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Judge rejects request to move trial in fatal Va. food truck crash

LEESBURG, Va. — Despite extensive news coverage of the September 2017 crash that killed a Loudoun County mother, a circuit court judge has denied food truck owner Tony Dane’s request for a change of venue.

Erin Kaplan, 39, of Ashburn, was killed as she drove northbound on Evergreen Mill Road. Her three children and mother were injured.

Dane, the owner and operator of the food truck, told sheriff’s investigators the brakes in his converted school bus were spongy, and he was unable to stop at the stop sign on Watson Road before he crashed into Kaplan’s car.

Dane was indicted in November on a charge of involuntary manslaughter — a felony — which carries a statutory maximum of 10 years in prison.

In addition, Dane was charged with driving without a license (2nd offense), operating an uninsured vehicle, reckless driving with bad brakes and failure to have a vehicle inspected.

Dane’s public defender, Adam Pouilliard, told judge Benjamin Kendrick in a hearing Tuesday the heavy local and network news coverage that occurred after the crash would make it impossible for Dane to get a fair trial.

However, assistant commonwealth’s attorneys Ryan Perry and Eric Shamis countered the U.S. Supreme Court determined that even if potential jurors have heard of a case, they “are not required to be ignorant of the facts.”

The judge sided with prosecutors.

“Just publicity, in and of itself is insufficient” to warrant a change of venue, Kendrick ruled. “I’m certain that able counsel is fully capable of finding any hidden bias,” during jury selection.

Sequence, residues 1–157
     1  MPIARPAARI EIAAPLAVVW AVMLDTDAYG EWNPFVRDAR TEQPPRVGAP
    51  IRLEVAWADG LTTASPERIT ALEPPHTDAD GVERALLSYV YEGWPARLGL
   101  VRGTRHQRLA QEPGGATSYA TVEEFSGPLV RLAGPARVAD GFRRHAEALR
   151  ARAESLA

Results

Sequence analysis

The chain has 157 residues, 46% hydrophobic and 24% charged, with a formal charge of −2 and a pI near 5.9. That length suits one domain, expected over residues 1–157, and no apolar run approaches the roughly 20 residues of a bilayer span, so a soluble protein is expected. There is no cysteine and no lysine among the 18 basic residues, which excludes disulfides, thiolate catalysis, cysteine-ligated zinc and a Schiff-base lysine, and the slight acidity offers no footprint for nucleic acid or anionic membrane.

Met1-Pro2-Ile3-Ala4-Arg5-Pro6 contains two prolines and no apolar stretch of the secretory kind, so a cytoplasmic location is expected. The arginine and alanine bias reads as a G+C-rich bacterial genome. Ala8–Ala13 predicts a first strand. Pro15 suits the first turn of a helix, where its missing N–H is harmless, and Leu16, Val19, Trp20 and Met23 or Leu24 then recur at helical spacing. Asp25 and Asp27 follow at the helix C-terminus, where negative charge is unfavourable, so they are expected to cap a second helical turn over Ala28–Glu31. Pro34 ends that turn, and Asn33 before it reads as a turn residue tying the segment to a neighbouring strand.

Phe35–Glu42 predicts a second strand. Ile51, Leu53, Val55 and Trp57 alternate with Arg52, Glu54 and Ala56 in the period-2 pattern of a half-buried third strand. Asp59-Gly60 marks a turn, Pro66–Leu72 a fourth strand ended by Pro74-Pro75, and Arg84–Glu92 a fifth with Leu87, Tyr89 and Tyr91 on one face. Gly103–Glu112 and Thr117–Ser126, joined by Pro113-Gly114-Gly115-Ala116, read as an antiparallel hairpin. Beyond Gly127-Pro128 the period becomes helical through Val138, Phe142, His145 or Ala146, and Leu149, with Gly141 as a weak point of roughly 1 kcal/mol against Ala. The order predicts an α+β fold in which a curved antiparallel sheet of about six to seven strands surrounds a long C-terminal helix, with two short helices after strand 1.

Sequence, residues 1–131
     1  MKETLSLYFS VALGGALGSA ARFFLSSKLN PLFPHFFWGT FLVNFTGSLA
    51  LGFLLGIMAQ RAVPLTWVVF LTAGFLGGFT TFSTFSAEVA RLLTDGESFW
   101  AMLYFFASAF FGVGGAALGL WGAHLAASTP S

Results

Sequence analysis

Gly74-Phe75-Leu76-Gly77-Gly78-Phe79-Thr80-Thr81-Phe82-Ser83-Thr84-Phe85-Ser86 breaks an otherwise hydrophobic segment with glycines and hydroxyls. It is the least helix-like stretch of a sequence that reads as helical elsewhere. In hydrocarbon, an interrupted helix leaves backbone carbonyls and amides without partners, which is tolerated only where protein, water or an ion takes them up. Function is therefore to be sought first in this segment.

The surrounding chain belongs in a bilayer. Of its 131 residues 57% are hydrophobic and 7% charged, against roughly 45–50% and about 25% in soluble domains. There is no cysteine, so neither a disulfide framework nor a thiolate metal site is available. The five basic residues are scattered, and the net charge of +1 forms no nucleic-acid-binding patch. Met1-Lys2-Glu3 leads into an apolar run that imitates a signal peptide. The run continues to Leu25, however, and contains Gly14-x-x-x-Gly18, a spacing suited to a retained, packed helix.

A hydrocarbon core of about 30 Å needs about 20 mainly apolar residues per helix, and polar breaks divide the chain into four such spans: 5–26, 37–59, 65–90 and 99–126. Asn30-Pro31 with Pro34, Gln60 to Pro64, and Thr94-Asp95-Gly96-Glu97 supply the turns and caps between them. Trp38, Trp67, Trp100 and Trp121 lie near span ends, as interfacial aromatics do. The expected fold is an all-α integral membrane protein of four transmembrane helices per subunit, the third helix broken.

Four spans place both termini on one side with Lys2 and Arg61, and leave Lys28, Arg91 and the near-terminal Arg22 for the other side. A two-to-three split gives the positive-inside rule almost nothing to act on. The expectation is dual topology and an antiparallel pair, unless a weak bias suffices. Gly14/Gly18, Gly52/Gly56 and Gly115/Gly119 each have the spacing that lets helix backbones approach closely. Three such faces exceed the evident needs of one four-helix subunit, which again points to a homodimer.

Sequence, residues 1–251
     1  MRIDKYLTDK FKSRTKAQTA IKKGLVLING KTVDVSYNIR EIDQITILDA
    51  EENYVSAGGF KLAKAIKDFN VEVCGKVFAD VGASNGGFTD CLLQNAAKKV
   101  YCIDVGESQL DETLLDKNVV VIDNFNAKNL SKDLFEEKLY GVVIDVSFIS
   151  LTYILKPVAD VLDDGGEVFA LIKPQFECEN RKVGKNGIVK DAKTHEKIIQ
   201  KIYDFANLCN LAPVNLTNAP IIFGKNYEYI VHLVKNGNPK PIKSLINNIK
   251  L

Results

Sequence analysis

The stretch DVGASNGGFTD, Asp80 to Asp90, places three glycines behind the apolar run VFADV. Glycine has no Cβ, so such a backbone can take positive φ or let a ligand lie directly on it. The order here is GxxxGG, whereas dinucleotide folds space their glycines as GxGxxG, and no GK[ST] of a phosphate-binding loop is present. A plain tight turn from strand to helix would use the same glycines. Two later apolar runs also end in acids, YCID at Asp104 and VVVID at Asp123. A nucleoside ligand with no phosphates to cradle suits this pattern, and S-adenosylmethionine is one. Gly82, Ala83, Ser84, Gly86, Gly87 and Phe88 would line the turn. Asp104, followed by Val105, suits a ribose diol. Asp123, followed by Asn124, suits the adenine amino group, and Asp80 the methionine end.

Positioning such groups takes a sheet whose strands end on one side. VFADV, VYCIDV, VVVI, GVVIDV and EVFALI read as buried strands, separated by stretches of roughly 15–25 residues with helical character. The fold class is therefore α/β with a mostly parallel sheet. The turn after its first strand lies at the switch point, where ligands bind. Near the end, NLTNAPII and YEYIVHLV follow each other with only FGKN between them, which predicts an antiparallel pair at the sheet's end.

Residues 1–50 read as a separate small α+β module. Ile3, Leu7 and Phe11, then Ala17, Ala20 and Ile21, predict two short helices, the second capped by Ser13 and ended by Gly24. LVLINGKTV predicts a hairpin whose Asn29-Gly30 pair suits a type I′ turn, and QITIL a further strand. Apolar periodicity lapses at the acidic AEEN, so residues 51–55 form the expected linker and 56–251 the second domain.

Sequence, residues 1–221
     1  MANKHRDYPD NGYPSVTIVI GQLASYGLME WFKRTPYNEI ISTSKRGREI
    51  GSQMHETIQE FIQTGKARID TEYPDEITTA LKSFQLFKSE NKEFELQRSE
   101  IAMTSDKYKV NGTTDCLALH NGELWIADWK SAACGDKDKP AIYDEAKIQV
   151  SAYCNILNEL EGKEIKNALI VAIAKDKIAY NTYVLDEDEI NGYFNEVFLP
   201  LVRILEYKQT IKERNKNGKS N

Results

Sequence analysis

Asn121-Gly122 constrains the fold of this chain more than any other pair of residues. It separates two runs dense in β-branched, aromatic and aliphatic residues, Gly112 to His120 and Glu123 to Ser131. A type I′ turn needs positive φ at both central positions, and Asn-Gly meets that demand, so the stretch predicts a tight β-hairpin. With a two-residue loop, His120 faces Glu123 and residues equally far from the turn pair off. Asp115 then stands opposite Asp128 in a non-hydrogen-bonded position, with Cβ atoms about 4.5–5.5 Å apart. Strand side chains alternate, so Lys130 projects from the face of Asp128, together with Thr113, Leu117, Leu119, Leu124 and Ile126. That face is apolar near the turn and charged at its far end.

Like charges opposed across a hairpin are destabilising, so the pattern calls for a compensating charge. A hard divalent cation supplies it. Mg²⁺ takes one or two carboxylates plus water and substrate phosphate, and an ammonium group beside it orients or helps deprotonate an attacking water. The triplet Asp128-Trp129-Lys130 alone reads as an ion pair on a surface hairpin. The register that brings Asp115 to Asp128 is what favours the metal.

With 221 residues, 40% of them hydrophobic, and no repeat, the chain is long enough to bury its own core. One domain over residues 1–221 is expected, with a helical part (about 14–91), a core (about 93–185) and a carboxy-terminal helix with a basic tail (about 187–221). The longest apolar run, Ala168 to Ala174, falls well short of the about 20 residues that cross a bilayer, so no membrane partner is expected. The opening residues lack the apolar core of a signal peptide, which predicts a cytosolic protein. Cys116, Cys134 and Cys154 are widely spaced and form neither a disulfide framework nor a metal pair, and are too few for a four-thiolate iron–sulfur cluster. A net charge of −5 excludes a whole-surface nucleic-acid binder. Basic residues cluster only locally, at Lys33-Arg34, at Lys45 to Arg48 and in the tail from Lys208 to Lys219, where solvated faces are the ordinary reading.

Dane’s attorneys also asked the court to rule inadmissible as evidence video showing Dane’s Great American Hamburger truck moments before the crash, speeding by a school bus stopped on Watson Road as children disembark.

Even though no child was injured in the video, Pouilliard said the near-miss would be prejudicial.

“It would be difficult for any parent to watch, and not have a heightened sense of concern,” the public defender said.

Prosecutor Perry said the video was an important piece of evidence.

“This basically proves the reckless driving charge,” Perry told the judge. “The defendant says it has to prove what happened a quarter-mile later (when the food truck crashed into Kaplan’s station wagon), but it doesn’t.”

The judge ruled the video could be played during the trial.

Dressed in an orange- and white-striped prison uniform and new black sneakers, Dane spoke quietly with his attorney but didn’t address the judge during the brief hearing.

Dane’s three-day trial is scheduled to begin March 19.


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